The results showed that, both in the general sample and in the separate analysis of both the groups, there was a strong correlation between the total of the RCPM test and the CFCT (r = .728 for the total sample, r = .737 for the NG and r = .801 for the CG). However, when the effects of age and intelligence were controlled for in the groups, and in the general sample, there was irregularity in the correlations, with both weak and strong correlations being found, significant and not. Through an analysis of the literature, Sternberg (2006) reports having found a series of correlations between measurements of creative performance and conventional intelligence tests, and that the rates were only higher when creativity was related with fluid intelligence, much more so than when related with crystallized intelligence, and even when other variables, such as age, were controlled for.

In assuming the RCPM test to be a measurement related to fluid intelligence, it is possible to verify in the literature studies which found strong correlations with creativity in this type of intelligence, as found in the present study, in making use of the non-case sample (Batey, Chamorro-Premuzic, & Furnham, 2009; Preckel et al., 2006; Sligh, Conners, & Roskos‐Ewoldsen, 2005). Nevertheless, as was also found here, studies were observed in the literature which indicated weak correlations between creativity and this type of intelligence (Furnham, Batey, Anand, & Manfield, 2008; Reuter et al., 2005). Thus, it is the case that the irregularity found is also repeated when various similar studies are analyzed.

This instability is also found in the literature, even when other instruments are used for evaluating both the constructs (Nakano, 2012; Nakano & Brito, 2013; Wechsler et al., 2010). Preckel et al. (2006) state that this diversification of correlations is common, and that it is common for the results to vary depending on how the constructs are measured, and the instrument used, on the theory which they are based on, on the different methodologies, and on the sample studied (which varies depending on age, skill, and educational level), and that for this last reason, investigations on the relationship between creativity and intelligence in specific populations are recommended, such as that undertaken here.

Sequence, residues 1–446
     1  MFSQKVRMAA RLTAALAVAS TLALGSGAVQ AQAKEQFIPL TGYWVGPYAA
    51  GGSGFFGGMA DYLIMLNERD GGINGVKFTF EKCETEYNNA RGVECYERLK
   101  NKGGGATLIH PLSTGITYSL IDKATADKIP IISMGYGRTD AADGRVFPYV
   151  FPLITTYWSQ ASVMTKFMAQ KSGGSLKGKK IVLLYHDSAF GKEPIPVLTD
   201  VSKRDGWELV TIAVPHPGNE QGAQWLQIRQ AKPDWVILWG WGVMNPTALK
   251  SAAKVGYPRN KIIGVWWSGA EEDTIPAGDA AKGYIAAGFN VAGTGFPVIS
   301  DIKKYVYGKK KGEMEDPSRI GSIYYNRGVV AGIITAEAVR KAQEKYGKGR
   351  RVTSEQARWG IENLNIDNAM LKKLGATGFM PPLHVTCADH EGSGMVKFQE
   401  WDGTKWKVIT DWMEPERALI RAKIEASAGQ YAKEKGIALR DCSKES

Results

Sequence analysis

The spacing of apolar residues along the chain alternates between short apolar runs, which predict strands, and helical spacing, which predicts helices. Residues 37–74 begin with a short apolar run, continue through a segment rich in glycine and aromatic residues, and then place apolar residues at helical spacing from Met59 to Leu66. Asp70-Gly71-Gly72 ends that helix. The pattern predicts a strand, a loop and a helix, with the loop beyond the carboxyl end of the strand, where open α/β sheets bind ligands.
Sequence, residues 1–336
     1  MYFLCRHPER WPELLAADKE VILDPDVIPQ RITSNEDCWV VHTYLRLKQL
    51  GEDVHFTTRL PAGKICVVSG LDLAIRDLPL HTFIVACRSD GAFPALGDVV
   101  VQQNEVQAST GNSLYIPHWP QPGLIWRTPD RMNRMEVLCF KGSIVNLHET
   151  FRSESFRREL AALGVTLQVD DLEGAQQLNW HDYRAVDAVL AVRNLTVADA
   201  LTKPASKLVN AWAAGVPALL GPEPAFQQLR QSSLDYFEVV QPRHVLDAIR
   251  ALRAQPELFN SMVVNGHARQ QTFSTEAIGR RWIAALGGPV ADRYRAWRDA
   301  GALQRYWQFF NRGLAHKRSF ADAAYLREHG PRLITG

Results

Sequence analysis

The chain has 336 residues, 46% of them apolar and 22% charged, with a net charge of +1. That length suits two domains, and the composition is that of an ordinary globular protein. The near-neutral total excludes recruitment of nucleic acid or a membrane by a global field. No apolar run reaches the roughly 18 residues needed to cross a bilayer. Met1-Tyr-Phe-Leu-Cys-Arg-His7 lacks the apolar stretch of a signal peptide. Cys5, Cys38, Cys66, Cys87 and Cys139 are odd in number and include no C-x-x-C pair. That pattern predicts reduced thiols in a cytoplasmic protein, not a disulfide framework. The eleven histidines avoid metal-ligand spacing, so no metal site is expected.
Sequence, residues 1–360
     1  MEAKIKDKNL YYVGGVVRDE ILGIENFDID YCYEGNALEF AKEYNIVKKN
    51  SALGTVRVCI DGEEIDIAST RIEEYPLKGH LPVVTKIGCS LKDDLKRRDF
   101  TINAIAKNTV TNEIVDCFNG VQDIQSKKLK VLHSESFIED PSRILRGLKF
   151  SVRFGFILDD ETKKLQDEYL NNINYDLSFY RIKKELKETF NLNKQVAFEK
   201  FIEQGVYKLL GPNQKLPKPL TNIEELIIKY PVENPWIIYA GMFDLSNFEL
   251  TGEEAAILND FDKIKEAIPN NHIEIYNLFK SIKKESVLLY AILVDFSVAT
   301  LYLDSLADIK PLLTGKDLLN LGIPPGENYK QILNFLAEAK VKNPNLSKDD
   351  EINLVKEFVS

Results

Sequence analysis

Conclusion

This study’s objectives were investigated, and a certain caution is recommended in interpreting the results, due to the small size of the sample, which requires care to be taken in generalizing the findings. Care should also be taken referent to the definitions of creativity (figurative) and intelligence (fluid) adopted here, under the focus of the psychometric approach. These definitions must be considered only as a statement of the broad field that these concepts can cover. These are complex and multifaceted constructs, as is dyslexia. It is proposed that further studies should include other instruments for evaluating creativity and intelligence, and that other types of creativity (such as verbal) and intelligence (such as crystallized) should be included, as should their relations with other constructs already mentioned in the discussion, such as visuospatial processing and emotion, in a wider-reaching form.

Even though better creativity was not found in the group with dyslexia, it is considered that stimulation of this skill could bring benefits for this group, as it promotes the development of learning strategies (Dias, Enumo, & Azevedo Junior, 2004). Furthermore, it is hoped that this study may be one of the elements driving forward this pattern of investigation, such that creativity, from its evaluation through to its encouragement, may be better investigated, along with other skills which may promote the development of self-esteem and self-confidence in these subjects who, routinely, are judged negatively in the social contacts which occur in the school environment.

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Support: National Council for Scientific and Technological Development (CNPq - Process No. 130367/2012-5).

Research resulting from the first author’s master’s thesis, undertaken under the supervision of the second author.

Received: March 19, 2014; Revised: June 12, 2014; Revised: July 15, 2014; Accepted: July 25, 2014

Correspondence address: Rauni Jandé Roama Alves. Departamento de Psicologia. Pontifícia Universidade Católica de Campinas. Av. John Boyd Dunlop, s/n, Jardim Ipaussurama. CEP 13060-904. Campinas-SP, Brazil. E-mail: rauniroama@gmail.com

Rauni Jandé Roama Alves is a Ph.D. candidate of the Graduate Program in Psychology at the Pontifícia Universidade Católica de Campinas.

Tatiana de Cássia Nakano is a Full Professor of the Graduate Program in Psychology at the Pontifícia Universidade Católica de Campinas.